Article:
Federal PFAS Bills Passed and Introduced; National PFAS Lawsuit Approaches First Court Date
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Kathryn Clay
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Federal PFAS Bills Passed and Introduced; National PFAS Lawsuit Approaches First Court Date

Proposed Superfund Ruling

The EPA’s proposed designation of PFOA and PFOS as “hazardous substances” under CERCLA continues to receive pushback from multiple industry groups. The EPA recently rejected a request for a regulatory impact analysis (RIA) on the proposed rule, which would have required the EPA to provide a direct and indirect cost estimate of the rule.

Some industrial groups, including several water and solid waste agencies, have requested a 60- or 90-day extension on the comment period for the Superfund proposed ruling due to the novelty of the rule and controversial nature. The current deadline for comments on the proposed ruling is November 7.

Federal Legislation

There has also been some movement of federal legislation to address PFAS and AFFF. The Preventing PFAS Runoff at Airports Act, a bill providing funding to airports to purchase equipment to test and train AFFF without discharging PFAS, was passed unanimously by the Senate on September 9 and passed by the House on September 29. Additionally, Senators Gary Peters (D-MI) and Susan Collins (R-ME) recently introduced the PFAS Intergovernmental Coordination Act, a bipartisan bill that would create an intergovernmental working group within the White House Office of Budget and Management. This working group would aim to improve coordination and communication on PFAS contamination efforts between federal agencies, and state, local, and Tribal governments.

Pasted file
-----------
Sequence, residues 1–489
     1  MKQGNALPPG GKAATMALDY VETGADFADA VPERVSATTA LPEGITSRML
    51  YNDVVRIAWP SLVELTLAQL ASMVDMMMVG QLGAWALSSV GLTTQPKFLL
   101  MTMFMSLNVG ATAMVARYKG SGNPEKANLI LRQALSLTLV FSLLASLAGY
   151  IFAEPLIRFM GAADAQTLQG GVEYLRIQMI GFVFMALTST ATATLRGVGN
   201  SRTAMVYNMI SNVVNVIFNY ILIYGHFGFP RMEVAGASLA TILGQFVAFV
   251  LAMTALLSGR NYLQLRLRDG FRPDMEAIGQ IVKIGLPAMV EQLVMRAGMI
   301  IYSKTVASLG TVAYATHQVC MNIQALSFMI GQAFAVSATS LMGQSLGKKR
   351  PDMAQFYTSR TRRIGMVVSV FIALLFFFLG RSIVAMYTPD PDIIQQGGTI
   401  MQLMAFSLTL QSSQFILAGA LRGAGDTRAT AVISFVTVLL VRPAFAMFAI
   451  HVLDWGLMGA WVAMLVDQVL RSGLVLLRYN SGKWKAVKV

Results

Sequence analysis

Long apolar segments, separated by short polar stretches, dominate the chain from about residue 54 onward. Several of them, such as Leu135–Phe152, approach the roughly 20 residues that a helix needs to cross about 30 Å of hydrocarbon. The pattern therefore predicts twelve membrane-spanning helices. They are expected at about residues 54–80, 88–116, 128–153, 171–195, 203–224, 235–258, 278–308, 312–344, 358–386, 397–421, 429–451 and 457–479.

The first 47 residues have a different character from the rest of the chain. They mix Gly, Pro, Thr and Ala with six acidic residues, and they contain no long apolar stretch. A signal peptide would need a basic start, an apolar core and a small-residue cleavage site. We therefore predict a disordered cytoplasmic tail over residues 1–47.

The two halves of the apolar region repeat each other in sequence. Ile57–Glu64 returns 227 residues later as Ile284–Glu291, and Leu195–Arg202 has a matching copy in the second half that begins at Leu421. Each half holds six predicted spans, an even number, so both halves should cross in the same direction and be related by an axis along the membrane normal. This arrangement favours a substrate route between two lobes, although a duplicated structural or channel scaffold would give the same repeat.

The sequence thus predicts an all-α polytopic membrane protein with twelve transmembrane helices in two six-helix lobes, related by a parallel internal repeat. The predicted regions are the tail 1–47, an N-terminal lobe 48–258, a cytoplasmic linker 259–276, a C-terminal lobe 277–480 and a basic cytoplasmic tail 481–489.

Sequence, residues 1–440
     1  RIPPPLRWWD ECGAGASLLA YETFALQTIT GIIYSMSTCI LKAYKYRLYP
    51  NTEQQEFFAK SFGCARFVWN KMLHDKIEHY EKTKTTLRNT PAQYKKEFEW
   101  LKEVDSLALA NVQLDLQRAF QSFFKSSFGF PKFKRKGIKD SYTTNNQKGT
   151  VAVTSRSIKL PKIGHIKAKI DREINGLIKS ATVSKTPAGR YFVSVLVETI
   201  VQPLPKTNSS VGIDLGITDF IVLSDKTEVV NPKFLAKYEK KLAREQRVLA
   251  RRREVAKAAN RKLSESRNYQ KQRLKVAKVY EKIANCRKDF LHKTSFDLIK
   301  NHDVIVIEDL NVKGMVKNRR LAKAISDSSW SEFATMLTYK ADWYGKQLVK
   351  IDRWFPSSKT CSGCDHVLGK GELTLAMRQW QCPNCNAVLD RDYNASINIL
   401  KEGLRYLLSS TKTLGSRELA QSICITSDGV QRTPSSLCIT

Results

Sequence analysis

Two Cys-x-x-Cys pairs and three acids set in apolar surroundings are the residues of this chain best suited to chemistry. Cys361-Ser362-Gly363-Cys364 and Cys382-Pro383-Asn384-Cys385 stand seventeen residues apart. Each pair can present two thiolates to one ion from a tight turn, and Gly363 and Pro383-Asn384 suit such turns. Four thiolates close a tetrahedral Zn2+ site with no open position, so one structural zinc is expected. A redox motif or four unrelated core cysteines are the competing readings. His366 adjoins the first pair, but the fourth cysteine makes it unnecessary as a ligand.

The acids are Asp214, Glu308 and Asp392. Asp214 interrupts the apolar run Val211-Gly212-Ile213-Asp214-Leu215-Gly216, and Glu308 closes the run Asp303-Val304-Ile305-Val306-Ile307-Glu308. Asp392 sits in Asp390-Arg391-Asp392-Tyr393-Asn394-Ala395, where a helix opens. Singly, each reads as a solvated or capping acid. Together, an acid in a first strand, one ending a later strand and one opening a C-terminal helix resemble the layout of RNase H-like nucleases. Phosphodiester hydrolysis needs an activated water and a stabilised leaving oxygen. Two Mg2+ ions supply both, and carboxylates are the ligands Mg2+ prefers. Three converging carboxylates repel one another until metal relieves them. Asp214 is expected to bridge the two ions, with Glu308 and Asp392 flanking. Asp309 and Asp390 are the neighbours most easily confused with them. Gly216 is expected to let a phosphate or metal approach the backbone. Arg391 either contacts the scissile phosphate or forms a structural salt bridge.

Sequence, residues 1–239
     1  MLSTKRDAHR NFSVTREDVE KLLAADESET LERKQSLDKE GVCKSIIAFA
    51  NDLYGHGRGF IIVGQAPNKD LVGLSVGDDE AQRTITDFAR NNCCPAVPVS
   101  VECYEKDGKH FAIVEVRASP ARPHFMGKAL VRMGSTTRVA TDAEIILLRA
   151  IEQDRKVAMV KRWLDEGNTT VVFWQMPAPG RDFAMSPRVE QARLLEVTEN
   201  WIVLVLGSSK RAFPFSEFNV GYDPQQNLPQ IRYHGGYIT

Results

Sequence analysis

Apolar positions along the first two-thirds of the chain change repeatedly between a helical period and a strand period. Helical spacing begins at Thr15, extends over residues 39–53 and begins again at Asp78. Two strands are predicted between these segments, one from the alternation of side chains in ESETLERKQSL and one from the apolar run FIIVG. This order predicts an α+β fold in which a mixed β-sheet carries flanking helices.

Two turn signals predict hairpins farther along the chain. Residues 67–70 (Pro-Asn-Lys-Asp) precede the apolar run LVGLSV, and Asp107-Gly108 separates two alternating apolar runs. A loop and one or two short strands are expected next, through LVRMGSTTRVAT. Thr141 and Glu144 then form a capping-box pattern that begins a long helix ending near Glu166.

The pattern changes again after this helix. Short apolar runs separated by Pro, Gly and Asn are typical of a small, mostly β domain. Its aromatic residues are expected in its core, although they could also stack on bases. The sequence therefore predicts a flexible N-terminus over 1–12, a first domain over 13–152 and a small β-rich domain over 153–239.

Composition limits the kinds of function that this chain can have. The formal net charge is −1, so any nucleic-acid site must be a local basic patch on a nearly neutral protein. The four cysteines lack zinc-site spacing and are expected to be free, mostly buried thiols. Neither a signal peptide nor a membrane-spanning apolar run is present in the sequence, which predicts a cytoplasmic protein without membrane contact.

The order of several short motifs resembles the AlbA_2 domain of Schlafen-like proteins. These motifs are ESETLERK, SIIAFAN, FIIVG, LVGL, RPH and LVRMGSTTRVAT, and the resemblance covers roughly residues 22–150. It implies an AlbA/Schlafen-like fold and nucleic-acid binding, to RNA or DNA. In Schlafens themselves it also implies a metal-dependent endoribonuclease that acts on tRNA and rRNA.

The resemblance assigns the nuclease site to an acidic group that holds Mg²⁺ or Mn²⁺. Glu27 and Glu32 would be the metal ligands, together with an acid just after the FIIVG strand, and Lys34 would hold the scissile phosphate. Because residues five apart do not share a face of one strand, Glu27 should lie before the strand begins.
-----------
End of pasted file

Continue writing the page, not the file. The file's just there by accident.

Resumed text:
Multi-District Litigation on PFAS Contamination

Some of the most aggressive legal action regarding PFAS contamination continues to be directed at PFAS manufacturers and the DOD. One major tool for addressing PFAS contamination has been a multi-district litigation (MDL) comprised of over 2500 lawsuits filed by utilities, states, private property owners, firefighters, and others against PFAS producers, the DOD, and AFFF users. Several bellwether cases will go to trial in 2023 to assess the strengths of the plaintiffs’ arguments; the outcome will be used by the plaintiffs to seek damages in other similar cases in the MDL.

Earlier this month, the first bellwether case was selected: City of Stuart, Florida v. The 3M Company et al. The city is seeking damages from AFFF producers for the cost of environmental PFAS remediation and drinking water treatment. The judge recently denied a motion for summary judgment filed by 3M and other AFFF producers, who were seeking to use the government contractor defense to claim granted contractor immunity.

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